16th March, 1915

Good morning my love! I have just returned from my walk and now I want to be with you again. How childish grown up men can be. In the last days various rumours have been circulating, that peace is imminent, that an exchange of prisoners is on the cards - sometimes the one, sometimes the other - and everybody questions whether it is possible. Everybody knows a reason and a proof why it impossible. Everybody says that he does not believe it but deep inside every single man hopes that "something " of it must be true because this or that report in the newspaper indicates that things are in the air, that surprises are to be expected. We are all in an almost elevated mood.

Dear God, if at last it were true! Has there not been enough misery and suffering on all sides? This worst of all worlds has never before seen so much distress and sorrow. And the longer it lasts, the worse it gets. How many are lost on the battlefield, how many perish at home? We here also live now in different troublesome days, new worries are upon us. The snow has not disappeared yet, the temperature is still below zero and yet the terrible ghost called "epidemic" is lifting his head already and is gleaning among those who escaped the dangers of the battlefield.

About 5000 men are quartered here, Germans, Austrians, Hungarians and Turks, and among these, two cruel diseases have broken out. Typhoid fever and typhus claim numerous victims daily. Is it not the most gruesome fate imaginable to die here in misery after one has been spared by the bullets? How many have been carried out already to the graveyard, there on the hill above the sea. Do not those ill - fated men die a double or triple death? How many, who already confidently hoped to see their loved ones again, are now dying defenseless with a curse on their lips against those who sent them into this misery.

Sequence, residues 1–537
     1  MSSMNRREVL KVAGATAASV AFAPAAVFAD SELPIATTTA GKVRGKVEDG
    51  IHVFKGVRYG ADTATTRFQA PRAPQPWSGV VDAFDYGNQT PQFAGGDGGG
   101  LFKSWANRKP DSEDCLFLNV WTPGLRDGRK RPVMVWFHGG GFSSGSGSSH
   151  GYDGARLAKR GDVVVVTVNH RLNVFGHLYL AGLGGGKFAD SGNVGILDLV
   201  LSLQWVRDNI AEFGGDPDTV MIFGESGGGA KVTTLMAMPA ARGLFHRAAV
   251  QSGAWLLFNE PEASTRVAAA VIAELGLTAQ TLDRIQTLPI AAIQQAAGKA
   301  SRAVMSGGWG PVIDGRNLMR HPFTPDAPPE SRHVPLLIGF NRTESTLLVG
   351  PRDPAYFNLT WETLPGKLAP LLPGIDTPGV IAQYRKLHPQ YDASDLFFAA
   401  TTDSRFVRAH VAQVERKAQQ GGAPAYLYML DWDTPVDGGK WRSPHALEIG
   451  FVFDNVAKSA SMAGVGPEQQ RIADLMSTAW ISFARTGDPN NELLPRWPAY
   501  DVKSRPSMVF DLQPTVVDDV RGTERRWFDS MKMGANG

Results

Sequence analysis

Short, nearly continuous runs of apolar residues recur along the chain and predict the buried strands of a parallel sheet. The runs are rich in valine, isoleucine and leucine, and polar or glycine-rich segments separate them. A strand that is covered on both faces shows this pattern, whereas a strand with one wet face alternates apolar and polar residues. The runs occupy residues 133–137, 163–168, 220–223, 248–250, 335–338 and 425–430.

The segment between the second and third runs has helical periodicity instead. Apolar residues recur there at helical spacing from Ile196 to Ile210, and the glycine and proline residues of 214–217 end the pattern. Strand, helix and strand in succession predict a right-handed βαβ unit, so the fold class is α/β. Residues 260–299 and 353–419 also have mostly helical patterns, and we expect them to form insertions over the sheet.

Yes, we hear the bullets whistling again! Until now the epidemic has not spread in the officer's pavilion yet, we have had only two cases of typhoid so far; but will we succeed in keeping the danger at bay? We certainly do everything possible; all precautions against the possible spread of this plague are strictly enforced. But is it not the same in battle? Hundreds are killed, hundreds are spared. Do you now understand why, in my periodical notes to you, I always mention that thank God I am "still" in good health? But my little mouse, I am not afraid in this new danger either, since I am in God's hand as I was when the grenades were exploding around me and the bullets were flying about. I think of God, I pray to him for mercy, I think of you and our sweet kids at home and of my duties to you.

But I also hope in the Almighty's clemency that has protected me so far. My love, pray for me as I do for you and God will hear our joint prayers and will protect us. Good bye for today, I have to give a course on agricultural chemistry now and the participants are waiting for me already.

© The estate of Otto Feldmann: Monica Lanyado, Tzafrah Shushan and Aya Shochat